With egg prices going through the roof — and the reality that keeping chickens isn't an option for everyone — you may think your grocery budget is screwed. Well, think again! Here are my 21+ favorite egg replacements and egg substitutes for binding, baking, turning into breakfast, and more!
- What Do Eggs Do In Cooking & Baking?
- Egg Substitutes for Leavening & Binding in Baking
- No-Egg Egg Breakfasts
- Egg Replacements for Thin Batters & Egg Wash
- Emulsifying Sauces & Thickening Custards Without Eggs
- Non-Egg Binding
- List of Possible Egg Substitutes & Measurements
- Frequently Asked Questions
- 💬 Reviews
What Do Eggs Do In Cooking & Baking?
When it comes down to it, eggs are pretty magical. They can whip up into a light and airy souffle or a cloud-like meringue. Eggs can also act as leaveners, helping your cakes and cookies to rise.
They can act as a binder to hold ingredients together, or they can add moisture to your favorite baked goods. Eggs are used to thicken custards and puddings, make mayonnaise or Caesar salad dressing, or adhere breading to your fried chicken. And y'all? That's barely scratching the surface of what these little bad boys can do.
It's no surprise, then, that many of the best restaurants in the world require chefs to show off their egg skills when they stage.
As much as I LOVE eggs and all the incredible things they can do in the kitchen, they've gotten insanely expensive lately. If you're on a tight food budget, grabbing a carton of eggs may not be in the cards for the foreseeable future.
So, what's a home cook supposed to do? Not to worry, because I've assembled my favorite egg substitutes for nearly any dish you can think of. Soon you'll be saying, "No eggs? No problem!"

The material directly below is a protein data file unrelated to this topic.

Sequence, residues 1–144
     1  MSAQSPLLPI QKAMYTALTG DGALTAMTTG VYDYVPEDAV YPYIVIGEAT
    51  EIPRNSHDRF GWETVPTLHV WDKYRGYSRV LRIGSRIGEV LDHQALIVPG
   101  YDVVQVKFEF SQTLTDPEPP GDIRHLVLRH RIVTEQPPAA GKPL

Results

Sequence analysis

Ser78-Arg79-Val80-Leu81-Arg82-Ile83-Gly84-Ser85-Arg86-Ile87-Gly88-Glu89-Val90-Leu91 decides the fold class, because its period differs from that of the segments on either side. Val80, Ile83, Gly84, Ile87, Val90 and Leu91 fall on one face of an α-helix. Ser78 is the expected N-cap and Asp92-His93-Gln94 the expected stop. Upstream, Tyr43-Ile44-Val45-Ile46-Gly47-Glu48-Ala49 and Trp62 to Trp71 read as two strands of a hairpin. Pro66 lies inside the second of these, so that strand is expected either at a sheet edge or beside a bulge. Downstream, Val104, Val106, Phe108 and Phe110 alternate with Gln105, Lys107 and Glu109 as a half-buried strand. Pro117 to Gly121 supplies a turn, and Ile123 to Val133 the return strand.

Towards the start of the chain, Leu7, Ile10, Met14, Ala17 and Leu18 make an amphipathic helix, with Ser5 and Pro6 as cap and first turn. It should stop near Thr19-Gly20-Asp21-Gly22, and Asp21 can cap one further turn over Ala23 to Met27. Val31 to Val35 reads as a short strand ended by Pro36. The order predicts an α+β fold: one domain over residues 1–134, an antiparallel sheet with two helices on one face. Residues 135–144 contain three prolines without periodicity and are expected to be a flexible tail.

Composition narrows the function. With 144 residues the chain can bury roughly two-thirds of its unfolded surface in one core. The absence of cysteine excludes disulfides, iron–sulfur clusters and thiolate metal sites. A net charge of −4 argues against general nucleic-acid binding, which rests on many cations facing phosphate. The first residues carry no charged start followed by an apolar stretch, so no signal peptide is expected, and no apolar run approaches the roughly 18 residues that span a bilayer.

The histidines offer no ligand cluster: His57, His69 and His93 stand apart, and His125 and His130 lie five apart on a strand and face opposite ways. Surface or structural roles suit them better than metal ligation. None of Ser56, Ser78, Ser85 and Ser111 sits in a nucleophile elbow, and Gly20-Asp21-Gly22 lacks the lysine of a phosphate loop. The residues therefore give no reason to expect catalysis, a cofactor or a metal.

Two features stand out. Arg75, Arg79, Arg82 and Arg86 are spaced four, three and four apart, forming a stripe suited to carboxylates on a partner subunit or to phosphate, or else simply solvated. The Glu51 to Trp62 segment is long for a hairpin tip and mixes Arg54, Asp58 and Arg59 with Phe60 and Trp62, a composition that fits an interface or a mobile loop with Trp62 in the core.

Egg Substitutes for Leavening & Binding in Baking
We all know that most recipes for baked goods call for eggs. That said, you can make some smart and easy swaps to make just about any recipe work for you! Read on to find out how:
- Angel Food Cakes - A potent mix of aquafaba (for the meringue), cream of tartar (to stabilize the meringue), and chickpea powder (to increase the protein content & stability) does an excellent job. Thanks to Monica from The Hidden Veggies for the idea!
- Sponge Cakes - Carbonated water (for aeration & lift), baking soda (a traditional leavener), and vinegar (to activate the baking soda) work together for a light and fluffy sponge. You can also use a combo of buttermilk (regular or vegan), aquafaba, and tapioca flour instead, per this World of Vegan recipe.
- Cupcakes, Butter Cakes & Oil Cakes - You have a little more latitude with regular cakes than you do with angel food and sponge cakes. Feel free to swap in mashed fruit (e.g. bananas, pumpkin, applesauce), sweetened condensed milk, yogurt, buttermilk, silken tofu, flax eggs, and more. The Kitchn ranks them from worst to best.
- Quick Bread, Muffins, & Cornbread - Ditto what we said about regular butter or oil cakes. 👆🏻👆🏻👆🏻
- Drop Cookies - Much like regular butter and oil cakes, you have quite a few options. Gemma from Bigger, Bolder Baking offers a great guide to these subs and all the various ways to use them.
- Meringues, Macarons & Meringue Frosting - Hands down, you need aquafaba and either lemon juice or cream of tartar to stabilize. This vegan meringue recipe from Alton Brown is one of my favorites — it tastes like marshmallows from a box of Lucky Charms!
- Brownies & Blondies - Flax eggs, chia eggs, tofu, mashed fruits, and carbonated water are among your possible egg subs. Depending on whether you want cakey or fudgy brownies, you'll need to choose a little differently.